TEHRAN (Reuters) - Iranian President Mahmoud Ahmadinejad accused the United States and its allies of plotting to assassinate him during a visit to neighboring Iraq in March, state radio reported on Friday.
“Based on reliable intelligence, our enemies had plans to kidnap and kill your servant (Ahmadinejad). But we intentionally made last minute changes in our schedule,” the radio quoted Ahmadinejad telling a meeting of clerics in the Shi’ite holy city of Qom on Thursday.
Although he did not identify the United States by name, he used the usual term “enemies” to refer to Washington.
A senior U.S. military official in Baghdad said: “The Coalition is unaware of any threats to President Ahmadinejad’s life during his
visit to Iraq.”
During the first visit by an Iranian leader to Iraq since the neighbors fought an eight-year war in the 1980s, Ahmadinejad cancelled his scheduled visit to Shi’ite holy cities of Karbala and Najaf in southern Iraq.
The presidential office said at the time the trip was cancelled for security reasons.
“The enemies learned about the changes when we already had left Iraq. They were shocked,” the radio quoted him as saying.
The United States accuses Iran of funding, arming and training Shi’ite militias in Iraq. Iran denies the charge.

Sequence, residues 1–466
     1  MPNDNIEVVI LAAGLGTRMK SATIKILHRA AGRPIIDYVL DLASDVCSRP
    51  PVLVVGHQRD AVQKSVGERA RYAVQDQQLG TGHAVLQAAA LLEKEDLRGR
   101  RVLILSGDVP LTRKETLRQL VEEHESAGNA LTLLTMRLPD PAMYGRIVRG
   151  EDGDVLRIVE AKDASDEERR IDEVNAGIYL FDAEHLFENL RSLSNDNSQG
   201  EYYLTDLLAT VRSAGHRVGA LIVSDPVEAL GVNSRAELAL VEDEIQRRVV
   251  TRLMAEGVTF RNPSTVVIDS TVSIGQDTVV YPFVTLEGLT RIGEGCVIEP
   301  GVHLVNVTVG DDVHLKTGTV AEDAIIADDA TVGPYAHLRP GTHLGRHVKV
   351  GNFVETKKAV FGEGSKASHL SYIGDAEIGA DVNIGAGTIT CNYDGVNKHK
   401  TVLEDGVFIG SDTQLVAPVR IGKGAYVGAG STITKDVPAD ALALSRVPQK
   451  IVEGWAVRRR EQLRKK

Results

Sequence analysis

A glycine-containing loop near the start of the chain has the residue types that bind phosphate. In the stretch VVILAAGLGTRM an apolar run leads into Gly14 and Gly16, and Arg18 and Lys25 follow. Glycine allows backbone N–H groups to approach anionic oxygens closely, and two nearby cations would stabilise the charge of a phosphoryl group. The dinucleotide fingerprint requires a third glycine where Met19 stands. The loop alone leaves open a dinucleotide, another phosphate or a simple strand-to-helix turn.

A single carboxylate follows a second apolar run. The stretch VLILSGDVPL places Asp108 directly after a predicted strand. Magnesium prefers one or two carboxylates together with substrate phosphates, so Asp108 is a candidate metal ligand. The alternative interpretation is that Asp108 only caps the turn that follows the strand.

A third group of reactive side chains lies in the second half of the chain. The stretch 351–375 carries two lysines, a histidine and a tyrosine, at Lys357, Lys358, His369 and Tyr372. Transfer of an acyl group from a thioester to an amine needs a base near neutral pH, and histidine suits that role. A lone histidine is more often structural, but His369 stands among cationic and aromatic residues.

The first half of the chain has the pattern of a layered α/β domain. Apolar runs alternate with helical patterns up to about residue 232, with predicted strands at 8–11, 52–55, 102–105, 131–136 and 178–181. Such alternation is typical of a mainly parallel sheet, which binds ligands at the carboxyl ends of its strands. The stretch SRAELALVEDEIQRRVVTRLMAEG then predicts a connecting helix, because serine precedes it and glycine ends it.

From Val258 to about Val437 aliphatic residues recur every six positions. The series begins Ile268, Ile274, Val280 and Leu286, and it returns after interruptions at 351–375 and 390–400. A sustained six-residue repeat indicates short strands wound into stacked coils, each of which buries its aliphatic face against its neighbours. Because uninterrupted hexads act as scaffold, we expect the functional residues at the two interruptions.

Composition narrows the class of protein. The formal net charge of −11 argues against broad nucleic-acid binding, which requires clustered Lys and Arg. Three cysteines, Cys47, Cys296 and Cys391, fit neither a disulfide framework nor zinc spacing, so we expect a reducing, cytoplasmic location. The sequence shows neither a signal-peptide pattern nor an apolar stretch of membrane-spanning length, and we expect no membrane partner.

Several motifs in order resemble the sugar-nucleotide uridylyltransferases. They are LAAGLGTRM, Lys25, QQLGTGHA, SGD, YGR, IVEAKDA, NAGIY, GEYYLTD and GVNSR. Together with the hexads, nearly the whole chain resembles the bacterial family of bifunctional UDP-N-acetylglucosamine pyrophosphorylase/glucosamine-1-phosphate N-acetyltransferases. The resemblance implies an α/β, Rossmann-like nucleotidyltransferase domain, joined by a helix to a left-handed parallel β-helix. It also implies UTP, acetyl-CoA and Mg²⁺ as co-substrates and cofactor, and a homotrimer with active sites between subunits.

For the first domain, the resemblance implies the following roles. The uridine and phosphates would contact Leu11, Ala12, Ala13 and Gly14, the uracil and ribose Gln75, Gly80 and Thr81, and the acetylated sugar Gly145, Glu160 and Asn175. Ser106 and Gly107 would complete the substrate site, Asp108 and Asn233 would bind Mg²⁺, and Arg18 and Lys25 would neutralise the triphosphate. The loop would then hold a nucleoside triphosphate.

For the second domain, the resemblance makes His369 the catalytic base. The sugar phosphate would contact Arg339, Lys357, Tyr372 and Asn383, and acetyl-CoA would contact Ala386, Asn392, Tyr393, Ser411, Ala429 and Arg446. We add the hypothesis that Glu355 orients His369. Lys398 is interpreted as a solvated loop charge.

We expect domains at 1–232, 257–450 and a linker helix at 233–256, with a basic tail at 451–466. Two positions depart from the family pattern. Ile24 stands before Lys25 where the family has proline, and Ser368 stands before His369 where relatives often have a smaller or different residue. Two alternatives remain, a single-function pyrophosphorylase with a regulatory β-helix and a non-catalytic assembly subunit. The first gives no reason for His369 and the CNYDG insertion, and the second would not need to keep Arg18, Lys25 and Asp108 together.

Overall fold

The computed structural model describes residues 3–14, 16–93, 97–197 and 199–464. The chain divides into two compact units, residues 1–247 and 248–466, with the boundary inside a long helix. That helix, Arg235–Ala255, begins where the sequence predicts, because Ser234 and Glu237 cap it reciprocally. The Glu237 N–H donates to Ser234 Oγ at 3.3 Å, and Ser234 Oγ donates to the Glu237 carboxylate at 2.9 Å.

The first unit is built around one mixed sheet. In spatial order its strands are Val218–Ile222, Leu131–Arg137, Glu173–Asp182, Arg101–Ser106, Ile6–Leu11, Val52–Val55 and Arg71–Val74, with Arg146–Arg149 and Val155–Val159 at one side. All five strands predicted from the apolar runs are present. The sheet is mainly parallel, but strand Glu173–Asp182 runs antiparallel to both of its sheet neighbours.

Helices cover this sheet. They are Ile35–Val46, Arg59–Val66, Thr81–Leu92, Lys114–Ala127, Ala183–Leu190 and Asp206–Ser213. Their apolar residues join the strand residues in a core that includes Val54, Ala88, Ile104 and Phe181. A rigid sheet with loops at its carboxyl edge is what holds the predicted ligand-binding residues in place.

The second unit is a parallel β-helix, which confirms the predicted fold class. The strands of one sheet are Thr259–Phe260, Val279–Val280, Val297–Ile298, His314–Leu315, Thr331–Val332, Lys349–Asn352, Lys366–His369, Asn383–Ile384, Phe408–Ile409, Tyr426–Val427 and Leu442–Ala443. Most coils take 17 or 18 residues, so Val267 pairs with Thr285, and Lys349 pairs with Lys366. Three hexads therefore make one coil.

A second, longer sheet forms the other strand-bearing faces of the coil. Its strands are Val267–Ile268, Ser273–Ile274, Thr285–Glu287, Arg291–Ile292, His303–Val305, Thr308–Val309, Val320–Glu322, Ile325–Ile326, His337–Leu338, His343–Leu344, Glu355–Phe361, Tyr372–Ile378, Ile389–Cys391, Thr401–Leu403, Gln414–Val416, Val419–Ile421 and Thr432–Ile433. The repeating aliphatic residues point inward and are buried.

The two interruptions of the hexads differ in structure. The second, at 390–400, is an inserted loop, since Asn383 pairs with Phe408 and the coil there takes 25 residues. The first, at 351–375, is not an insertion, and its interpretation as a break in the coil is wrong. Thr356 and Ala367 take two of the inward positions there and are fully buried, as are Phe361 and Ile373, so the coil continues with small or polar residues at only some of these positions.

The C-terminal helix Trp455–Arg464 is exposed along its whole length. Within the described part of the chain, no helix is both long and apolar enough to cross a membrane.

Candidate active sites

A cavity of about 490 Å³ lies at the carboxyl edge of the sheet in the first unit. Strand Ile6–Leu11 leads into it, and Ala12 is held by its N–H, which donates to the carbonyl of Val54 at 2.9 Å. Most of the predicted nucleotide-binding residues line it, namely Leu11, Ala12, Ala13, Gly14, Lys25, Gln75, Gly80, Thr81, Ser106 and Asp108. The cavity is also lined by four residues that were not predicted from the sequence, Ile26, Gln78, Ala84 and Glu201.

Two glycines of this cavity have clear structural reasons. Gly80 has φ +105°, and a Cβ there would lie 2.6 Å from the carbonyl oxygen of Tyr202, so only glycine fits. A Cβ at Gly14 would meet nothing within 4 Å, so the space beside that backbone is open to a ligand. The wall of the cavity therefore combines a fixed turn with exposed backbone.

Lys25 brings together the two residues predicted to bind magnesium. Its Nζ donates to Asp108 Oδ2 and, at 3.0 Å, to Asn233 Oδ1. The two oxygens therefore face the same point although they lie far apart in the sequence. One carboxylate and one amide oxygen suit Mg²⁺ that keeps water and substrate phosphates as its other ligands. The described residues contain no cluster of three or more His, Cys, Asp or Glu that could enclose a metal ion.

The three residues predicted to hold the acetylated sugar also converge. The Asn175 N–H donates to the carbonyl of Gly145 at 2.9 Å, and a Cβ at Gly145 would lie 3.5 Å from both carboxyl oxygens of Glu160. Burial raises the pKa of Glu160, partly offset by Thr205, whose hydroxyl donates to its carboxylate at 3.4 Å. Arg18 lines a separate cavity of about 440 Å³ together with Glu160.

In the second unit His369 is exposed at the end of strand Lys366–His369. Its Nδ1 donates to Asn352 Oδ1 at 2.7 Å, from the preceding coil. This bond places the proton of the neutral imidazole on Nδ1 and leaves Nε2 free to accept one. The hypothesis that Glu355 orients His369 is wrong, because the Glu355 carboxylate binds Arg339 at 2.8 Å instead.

Ahmadinejad, who often berates Washington in fiery speeches, used his visit to Baghdad to call on the United States to withdraw its troops from Iraq, insisting their presence is to blame for the country’s sectarian violence.
Iran and the United States cut diplomatic ties shortly after the revolution when the U.S. embassy was seized by hardline students and 52 Americans were taken hostages for 444 days.
Ahmadinejad said his warm reception by Shi’ite and Kurdish leaders were in stark contrast to the rushed and secretive visits of U.S. President George W. Bush.
“I was the first head of government who made previous announcements about my trip to Iraq,” he was quoted as saying.
“British and American leaders had stayed only a few hours in Iraq and had not stayed there for two days, like I did.”
Both Iran and Iraq are run by Shi’ite majorities and many of Iraq’s Shi’ite leaders were in exile in Iran during Saddam Hussein’s rule. The countries also have historical economic, political and cultural links.
Tehran and Washington are also at odds over Iran’s nuclear program, which Washington says is a cover to build nuclear weapons. Tehran denies the charge, saying it needs nuclear power to generate electricity.
Writing by Parisa Hafezi, Editing by Samia Nakhoul
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